News: Last of 149th Infantry Battalion arrives safely in Iraq
JOINT BASE BALAD, Iraq – Hot wind gusts on the runway at Joint Base Balad, Iraq, Aug. 10 as the last of 1st Battalion, 149th Infantry Regiment, 77th Sustainment Brigade, 310th Expeditionary Sustainment Command’s soldiers arrive fresh off a cargo jet to begin their mission as armed convoy escorts in the last days of American operations in Iraq.
Some of these soldiers will be staying at JBB while others continue north to a base just outside Tikrit, Iraq. All will play a crucial part in making sure U.S. forces safely reposture equipment and personnel from northern Iraq by the Dec. 31 deadline.
“I think the unit is set up very well for the mission we're going to have, and our equipment is state-of-the-art,” said Lt. Col. Bryan Howay, commander of the 1st Battalion. “I have no doubt in my mind if we apply what we know and stick to our mission, we will be very successful.”
As part of the 149th Maneuver Enhancement Brigade, the 149th Infantry Regiment is a key player in the largest deployment of Kentucky Army National Guard soldiers since World War II. As convoy escorts, the 149th Inf. Regiment will be responsible for ensuring supplies move safely from one base to another before eventually leaving Iraq in December.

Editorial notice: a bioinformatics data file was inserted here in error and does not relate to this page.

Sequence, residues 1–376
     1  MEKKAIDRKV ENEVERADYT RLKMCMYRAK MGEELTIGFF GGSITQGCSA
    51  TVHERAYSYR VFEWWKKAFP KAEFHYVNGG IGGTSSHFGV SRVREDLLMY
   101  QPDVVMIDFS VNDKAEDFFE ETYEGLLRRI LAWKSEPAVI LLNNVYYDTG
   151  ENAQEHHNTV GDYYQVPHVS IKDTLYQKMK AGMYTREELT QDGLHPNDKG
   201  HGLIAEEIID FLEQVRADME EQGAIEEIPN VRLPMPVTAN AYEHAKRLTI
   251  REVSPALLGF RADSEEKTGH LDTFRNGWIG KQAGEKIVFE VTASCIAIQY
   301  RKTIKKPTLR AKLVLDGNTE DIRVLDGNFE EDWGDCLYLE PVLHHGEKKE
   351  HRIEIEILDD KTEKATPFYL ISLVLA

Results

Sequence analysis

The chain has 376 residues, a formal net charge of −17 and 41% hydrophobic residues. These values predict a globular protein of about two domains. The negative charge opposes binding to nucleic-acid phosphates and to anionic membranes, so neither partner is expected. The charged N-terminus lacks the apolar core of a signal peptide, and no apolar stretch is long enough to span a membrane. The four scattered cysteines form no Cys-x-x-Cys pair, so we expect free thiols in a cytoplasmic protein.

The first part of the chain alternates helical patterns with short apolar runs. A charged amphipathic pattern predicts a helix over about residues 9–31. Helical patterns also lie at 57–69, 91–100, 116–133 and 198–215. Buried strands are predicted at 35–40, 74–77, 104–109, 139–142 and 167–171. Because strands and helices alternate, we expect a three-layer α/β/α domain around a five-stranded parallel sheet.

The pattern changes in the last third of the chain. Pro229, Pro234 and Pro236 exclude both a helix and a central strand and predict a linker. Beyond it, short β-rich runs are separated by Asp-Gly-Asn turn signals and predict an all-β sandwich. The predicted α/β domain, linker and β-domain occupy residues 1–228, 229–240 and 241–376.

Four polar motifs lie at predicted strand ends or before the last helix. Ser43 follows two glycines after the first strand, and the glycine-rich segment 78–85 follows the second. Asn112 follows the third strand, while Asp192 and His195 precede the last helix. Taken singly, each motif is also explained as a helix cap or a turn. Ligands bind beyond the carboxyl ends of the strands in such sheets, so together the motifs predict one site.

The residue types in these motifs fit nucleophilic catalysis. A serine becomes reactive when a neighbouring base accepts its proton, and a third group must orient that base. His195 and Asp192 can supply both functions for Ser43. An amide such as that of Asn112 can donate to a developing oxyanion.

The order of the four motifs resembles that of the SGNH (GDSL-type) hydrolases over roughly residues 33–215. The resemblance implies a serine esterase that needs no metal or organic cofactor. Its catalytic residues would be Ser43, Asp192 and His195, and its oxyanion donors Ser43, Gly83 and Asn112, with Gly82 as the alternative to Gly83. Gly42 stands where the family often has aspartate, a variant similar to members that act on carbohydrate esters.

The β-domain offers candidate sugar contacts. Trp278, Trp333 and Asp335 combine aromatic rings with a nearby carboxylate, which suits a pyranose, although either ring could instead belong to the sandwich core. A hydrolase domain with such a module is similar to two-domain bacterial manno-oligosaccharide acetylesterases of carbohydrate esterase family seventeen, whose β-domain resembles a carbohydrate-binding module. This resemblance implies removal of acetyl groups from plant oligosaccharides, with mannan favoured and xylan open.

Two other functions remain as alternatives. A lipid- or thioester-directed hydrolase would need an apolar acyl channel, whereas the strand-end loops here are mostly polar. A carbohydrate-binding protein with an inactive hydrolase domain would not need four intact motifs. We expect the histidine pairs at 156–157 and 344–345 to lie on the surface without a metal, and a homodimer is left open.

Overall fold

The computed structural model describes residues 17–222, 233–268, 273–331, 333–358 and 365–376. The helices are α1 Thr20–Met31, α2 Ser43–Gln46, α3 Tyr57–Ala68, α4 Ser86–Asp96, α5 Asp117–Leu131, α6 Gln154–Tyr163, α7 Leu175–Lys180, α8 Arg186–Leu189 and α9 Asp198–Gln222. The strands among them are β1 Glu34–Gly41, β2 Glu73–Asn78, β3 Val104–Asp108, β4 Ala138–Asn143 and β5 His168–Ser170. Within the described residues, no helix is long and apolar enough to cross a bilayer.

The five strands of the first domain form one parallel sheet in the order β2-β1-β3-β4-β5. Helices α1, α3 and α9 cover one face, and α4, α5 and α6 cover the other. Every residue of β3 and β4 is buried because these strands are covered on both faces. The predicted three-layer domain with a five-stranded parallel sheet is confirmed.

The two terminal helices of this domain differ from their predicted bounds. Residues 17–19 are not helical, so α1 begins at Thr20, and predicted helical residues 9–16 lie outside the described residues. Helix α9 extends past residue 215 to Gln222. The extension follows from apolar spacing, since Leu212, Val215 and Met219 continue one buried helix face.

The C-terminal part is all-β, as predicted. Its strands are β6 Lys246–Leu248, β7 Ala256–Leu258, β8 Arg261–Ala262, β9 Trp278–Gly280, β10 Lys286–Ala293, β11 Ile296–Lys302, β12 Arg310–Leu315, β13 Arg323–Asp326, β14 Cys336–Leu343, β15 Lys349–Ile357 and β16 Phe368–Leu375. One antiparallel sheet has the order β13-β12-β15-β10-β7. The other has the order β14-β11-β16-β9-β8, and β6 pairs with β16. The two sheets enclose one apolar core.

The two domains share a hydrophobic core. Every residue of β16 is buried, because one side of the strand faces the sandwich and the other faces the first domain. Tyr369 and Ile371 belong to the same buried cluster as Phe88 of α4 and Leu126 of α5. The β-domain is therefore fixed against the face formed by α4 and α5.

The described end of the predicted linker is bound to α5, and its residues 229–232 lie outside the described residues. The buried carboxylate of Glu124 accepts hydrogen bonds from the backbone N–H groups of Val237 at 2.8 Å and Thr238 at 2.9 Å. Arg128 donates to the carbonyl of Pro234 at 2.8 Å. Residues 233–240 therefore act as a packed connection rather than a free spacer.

“It's important for us to get our guys back home safely and efficiently,” said Pfc. Bryan Orme, an information management officer for Headquarters and Headquarters Company, 149th Inf. Regt. “I'm excited to start doing my job but even more excited to get it done and come home.”
The 149th Infantry Regt. is composed of units from cities around southeastern Kentucky, to include Barbourville, Somerset, Harlan, Middlesboro, London and Ravenna. Over the course of the coming weeks, the 149th Inf. Regt. will face many obstacles while starting their mission, but two months after mobilizing in early June, they are certainly prepared to begin their mission.
“Our guys are well trained, excited to take over the mission and willing to do whatever it takes to complete it,” Howay said. “The unit we're replacing is very good and have been excellent mentors so far. If we can be half as successful as they were, I'll consider it a good rotation.”